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Targeted deletion of FATP5 reveals multiple functions in liver metabolism: alterations in hepatic lipid homeostasis.

Division of GI/Hepatology, Stanford University School of Medicine, Stanford, California 94301, USA.
Gastroenterology (Impact Factor: 13.93). 05/2006; 130(4):1245-58. DOI: 10.1053/j.gastro.2006.02.006
Source: PubMed

ABSTRACT Fatty acid transport protein 5 (FATP5/Slc27a5) has been shown to be a multifunctional protein that in vitro increases both uptake of fluorescently labeled long-chain fatty acid (LCFA) analogues and bile acid/coenzyme A ligase activity on overexpression. The aim of this study was to further investigate the diverse roles of FATP5 in vivo.
We studied FATP5 expression and localization in liver of C57BL/6 mice in detail. Furthermore, we created a FATP5 knockout mouse model and characterized changes in hepatic lipid metabolism (this report) and bile metabolism (the accompanying report by Hubbard et al).
FATP5 is exclusively expressed by the liver and localized to the basal plasma membrane of hepatocytes, congruent with a role in LCFA uptake from the circulation. Overexpression of FATP5 in mammalian cells increased the uptake of 14C-oleate. Conversely, FATP5 deletion significantly reduced LCFA uptake by hepatocytes isolated from FATP5 knockout animals. Moreover, FATP5 deletion resulted in lower hepatic triglyceride and free fatty acid content despite increased expression of fatty acid synthetase and also caused a redistribution of lipids from liver to other LCFA-metabolizing tissues. Detailed analysis of the hepatic lipom of FATP5 knockout livers showed quantitative and qualitative alterations in line with a decreased uptake of dietary LCFAs and increased de novo synthesis.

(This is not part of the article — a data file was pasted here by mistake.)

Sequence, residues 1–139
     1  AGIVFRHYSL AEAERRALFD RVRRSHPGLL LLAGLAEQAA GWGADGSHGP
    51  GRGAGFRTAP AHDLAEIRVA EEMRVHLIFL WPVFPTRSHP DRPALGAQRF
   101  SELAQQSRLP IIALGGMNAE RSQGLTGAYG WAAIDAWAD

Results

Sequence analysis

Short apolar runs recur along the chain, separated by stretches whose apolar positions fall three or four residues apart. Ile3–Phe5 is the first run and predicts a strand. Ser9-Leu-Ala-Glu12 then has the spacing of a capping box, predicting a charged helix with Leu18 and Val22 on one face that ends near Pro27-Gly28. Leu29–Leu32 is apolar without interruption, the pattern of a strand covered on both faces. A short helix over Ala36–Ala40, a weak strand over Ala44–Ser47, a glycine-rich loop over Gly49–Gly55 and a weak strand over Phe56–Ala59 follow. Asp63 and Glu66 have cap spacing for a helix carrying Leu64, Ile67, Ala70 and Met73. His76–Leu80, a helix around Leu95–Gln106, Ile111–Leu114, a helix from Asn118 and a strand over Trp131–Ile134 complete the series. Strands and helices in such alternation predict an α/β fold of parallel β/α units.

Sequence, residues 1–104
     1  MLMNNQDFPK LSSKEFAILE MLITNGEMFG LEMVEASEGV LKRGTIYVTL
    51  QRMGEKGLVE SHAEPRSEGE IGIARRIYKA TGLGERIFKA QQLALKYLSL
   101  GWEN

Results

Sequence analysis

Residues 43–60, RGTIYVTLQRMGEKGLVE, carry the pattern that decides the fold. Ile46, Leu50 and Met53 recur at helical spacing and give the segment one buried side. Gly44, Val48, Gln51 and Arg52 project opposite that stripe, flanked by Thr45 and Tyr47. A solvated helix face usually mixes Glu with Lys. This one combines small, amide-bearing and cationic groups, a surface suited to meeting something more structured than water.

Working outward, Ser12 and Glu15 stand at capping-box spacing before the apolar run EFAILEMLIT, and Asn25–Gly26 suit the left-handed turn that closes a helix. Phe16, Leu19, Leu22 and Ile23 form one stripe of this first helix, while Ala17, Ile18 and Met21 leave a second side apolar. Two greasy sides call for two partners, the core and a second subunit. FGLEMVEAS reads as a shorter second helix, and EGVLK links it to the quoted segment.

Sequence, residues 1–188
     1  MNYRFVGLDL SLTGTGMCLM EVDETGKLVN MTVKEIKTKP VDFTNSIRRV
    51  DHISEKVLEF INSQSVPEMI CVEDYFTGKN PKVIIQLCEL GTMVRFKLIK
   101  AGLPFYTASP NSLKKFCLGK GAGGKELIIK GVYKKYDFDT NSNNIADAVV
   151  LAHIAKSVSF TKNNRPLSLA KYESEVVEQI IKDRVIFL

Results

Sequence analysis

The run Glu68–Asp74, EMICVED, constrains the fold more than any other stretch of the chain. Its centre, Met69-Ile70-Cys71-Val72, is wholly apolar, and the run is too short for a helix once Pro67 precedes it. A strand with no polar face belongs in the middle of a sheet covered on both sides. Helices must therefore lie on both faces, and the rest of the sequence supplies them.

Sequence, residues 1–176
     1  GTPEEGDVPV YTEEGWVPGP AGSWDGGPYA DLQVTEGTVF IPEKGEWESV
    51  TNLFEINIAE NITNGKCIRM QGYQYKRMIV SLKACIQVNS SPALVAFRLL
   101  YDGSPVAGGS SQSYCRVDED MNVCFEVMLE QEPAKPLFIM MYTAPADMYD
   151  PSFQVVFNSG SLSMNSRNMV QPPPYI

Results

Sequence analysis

Our findings support the hypothesis that efficient hepatocellular uptake of LCFAs, and thus liver lipid homeostasis in general, is largely a protein-mediated process requiring FATP5. These new insights into the physiological role of FATP5 should lead to an improved understanding of liver function and disease.

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